Your website’s server is the power station. It has a limited amount of CPU power and memory to handle user requests. When there is an increased number of user requests, the system is overloaded and hence, it slows everything down. Resource allocation is your best option for ensuring that the server efficiently uses its power. It keeps things running smoothly and users happy. The best full-stack developer knows how to get the power station to distribute the energy effectively, which in turn guarantees a smooth flow of information for users.

Best Full-Stack Development Toolkit for optimizing your website like a Pro!

We know the front-end and back-end bottlenecks, but we have some tools which can save our neck, by keeping the website seamlessly afloat. Let’s look at some of these tools and understand what exactly they do.

Tools for Front-end

  • Minifiers and Bundlers: Imagine code as a pile of clothes. Some of them are neatly folded or some are crumpled. Minifiers take that code and remove unnecessary characters and formatting. Your code is neat and tightly bundled, small but complete with essentials. Bundlers combine multiple files into a single package. Due to this, we do not need to make many HTTP requests. Tools like Webpack, and UglifyJS are some good examples of minifiers and bundlers.    
  • Image Optimization Tools: Large, uncompressed images are like a heavy backpack hanging on your shoulders on a road trip. Image optimization tools are like expert packers, where they compress images without the loss of quality. This reduces download times and keeps the website feeling light and nimble. TinyPNG and Smush are some great examples of image optimization.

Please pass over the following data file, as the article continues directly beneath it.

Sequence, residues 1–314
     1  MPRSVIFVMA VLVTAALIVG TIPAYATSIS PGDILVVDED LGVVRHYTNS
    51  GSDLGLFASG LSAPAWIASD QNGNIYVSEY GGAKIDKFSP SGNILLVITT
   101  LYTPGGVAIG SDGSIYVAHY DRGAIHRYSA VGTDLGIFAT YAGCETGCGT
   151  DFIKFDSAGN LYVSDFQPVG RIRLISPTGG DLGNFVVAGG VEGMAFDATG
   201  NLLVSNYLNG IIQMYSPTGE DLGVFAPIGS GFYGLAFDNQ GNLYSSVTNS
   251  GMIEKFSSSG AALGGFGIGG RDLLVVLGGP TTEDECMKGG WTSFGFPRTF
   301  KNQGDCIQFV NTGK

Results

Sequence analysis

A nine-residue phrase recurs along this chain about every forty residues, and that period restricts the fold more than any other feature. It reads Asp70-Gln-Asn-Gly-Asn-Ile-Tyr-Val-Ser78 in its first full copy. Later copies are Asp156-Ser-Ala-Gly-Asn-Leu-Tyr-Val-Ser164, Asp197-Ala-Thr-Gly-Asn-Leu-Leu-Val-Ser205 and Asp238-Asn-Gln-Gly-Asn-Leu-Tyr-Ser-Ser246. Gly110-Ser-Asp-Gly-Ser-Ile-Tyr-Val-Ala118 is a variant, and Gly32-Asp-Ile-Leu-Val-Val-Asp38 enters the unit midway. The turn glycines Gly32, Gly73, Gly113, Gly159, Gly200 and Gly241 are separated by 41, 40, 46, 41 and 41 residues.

• Content Delivery Networks (CDNs): From the name itself, you can guess what these networks do. When a user requests content, the CDN delivers it from the closest location and reduces load times for users. It is almost like having copies of your website readily available closer to your visitors. Some good examples of the best CDN are Cloudflare and Amazon Cloudfront.
  • Lazy Loading Libraries: You walk into a library and every book jumps into your hands at once. This could happen with your users too. Lazy loading libraries prevent information overload, by delaying the loading of images and non-critical content. Until it’s needed, the content does not load till the users scroll down the page. This prioritizes the initial page load and makes the website feel more responsive.